Document Type


Publication Date

January 2016

Publication Title

The Journal of Risk Finance



Issue Number


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Exchange traded funds, ETFs, REITs, Asymmetric beta puzzle, Real estate investment trusts, REIT ETFs


Corporate Finance | Finance | Finance and Financial Management


PurposeThe aim of this study is to examine real estate investment trust exchange-traded funds (REIT ETFs) and test for the existence of the “asymmetric beta puzzle” phenomenon in these financial instruments that are relatively new and are gaining popularity. The “asymmetric beta puzzle” phenomenon is used to identify the hedging and diversification benefits of a financial instrument. “Asymmetric beta puzzle” exists when betas in declining markets are higher than betas in advancing markets.Design/methodology/approachTo study 14 REIT ETFs by using monthly and daily Center for Research in Security Prices (CRSP) data. Capital asset pricing model (CAPM) and Fama–French three-factor model were used to estimate betas in REIT ETFs and those in advancing and declining markets. Both the S&P 500 and the CRSP value-weighted indices were used in the beta estimation. Two hypotheses with regard to betas in both advancing and declining markets were defined and tested to test for the existence of the “asymmetric beta puzzle” phenomenon.FindingsThis study confirms the presence of the “asymmetric beta puzzle” in the data of monthly REIT ETFs as documented by Goldstein and Nelling (1999) and Chatrath et al. (2000) for REITs; however, this phenomenon was not found when using daily data, but quite the opposite – REIT ETF betas are higher in advancing markets than they are in declining markets – was found.Originality/valueGoldstein and Nelling (1999) and Chatrath et al. (2000) identify the phenomenon of “the asymmetric REIT-beta puzzle” in monthly REIT’s returns. This study revisits the phenomenon identified in the aforementioned authors’ studies by using daily data and a relatively new real estate financial instrument – REIT ETFs. Therefore, this paper fills a void in the literature and would benefit both institutional and retail investors in their portfolio designs.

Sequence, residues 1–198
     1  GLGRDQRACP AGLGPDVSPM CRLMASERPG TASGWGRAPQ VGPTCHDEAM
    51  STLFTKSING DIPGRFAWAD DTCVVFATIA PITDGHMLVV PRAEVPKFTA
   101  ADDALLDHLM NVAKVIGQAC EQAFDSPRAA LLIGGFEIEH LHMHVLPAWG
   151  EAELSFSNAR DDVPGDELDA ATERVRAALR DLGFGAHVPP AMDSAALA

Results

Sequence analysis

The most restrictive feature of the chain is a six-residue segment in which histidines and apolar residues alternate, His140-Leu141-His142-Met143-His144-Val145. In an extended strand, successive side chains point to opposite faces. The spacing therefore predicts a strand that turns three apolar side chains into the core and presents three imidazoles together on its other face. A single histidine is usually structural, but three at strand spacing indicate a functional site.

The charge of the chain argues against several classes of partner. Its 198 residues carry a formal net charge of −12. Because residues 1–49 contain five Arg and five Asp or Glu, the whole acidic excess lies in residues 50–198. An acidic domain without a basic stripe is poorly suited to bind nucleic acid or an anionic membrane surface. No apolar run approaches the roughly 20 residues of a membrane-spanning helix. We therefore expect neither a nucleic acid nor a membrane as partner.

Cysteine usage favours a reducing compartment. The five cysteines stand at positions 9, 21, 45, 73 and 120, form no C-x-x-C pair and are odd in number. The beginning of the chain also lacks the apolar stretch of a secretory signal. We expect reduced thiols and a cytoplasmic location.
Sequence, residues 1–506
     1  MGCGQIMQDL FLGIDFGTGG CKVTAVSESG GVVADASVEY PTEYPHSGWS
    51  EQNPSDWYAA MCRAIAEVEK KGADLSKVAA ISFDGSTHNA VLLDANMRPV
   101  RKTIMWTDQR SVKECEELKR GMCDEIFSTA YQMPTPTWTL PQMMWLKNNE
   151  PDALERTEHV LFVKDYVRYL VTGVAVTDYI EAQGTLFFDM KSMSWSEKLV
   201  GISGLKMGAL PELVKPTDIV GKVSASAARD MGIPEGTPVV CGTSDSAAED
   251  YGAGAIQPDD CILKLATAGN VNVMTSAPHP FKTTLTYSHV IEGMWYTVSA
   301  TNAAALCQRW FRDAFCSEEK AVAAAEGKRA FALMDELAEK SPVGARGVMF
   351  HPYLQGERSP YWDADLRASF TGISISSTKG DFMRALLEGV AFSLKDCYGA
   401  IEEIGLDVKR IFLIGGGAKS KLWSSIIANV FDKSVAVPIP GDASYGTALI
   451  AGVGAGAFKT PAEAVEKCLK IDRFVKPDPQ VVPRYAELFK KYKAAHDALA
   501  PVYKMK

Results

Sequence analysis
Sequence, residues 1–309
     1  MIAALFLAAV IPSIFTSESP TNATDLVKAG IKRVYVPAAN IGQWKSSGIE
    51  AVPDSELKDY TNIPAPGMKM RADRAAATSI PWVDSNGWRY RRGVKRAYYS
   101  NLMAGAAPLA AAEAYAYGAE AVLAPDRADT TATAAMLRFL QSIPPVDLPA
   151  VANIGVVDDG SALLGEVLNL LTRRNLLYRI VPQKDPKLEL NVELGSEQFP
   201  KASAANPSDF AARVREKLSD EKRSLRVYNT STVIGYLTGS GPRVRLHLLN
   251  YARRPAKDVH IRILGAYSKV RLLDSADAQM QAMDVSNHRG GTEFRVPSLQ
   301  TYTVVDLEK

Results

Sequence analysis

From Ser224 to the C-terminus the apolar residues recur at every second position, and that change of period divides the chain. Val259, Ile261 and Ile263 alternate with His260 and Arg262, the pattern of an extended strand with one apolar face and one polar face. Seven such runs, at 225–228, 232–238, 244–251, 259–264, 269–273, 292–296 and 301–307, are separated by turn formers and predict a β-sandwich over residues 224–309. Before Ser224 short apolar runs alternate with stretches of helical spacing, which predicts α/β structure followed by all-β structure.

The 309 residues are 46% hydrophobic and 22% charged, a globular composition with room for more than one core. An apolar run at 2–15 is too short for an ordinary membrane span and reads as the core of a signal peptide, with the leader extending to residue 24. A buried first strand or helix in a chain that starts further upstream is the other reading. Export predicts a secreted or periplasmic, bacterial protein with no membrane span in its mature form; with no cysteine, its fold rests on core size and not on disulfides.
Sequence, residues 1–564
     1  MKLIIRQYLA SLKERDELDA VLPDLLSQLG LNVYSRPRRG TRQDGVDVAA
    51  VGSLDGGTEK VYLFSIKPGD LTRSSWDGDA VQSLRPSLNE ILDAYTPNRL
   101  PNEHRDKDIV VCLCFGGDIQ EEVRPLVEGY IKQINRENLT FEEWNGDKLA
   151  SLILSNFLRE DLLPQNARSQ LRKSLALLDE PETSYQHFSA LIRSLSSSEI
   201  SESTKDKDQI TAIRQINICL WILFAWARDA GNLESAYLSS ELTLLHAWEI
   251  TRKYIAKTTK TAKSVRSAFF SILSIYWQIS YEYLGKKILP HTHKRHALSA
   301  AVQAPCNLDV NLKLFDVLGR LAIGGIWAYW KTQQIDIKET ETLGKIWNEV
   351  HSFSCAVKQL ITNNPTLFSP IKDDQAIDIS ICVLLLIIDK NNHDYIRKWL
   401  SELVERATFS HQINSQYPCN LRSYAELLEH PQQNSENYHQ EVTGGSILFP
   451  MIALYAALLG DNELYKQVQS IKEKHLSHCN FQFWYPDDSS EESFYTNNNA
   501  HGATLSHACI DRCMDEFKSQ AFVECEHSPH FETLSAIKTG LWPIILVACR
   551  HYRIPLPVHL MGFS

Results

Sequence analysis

This is the Accepted Manuscript of an article that appeared in The Journal of Risk Finance, 17, 3, 2016. The Version of Record is available at the following link.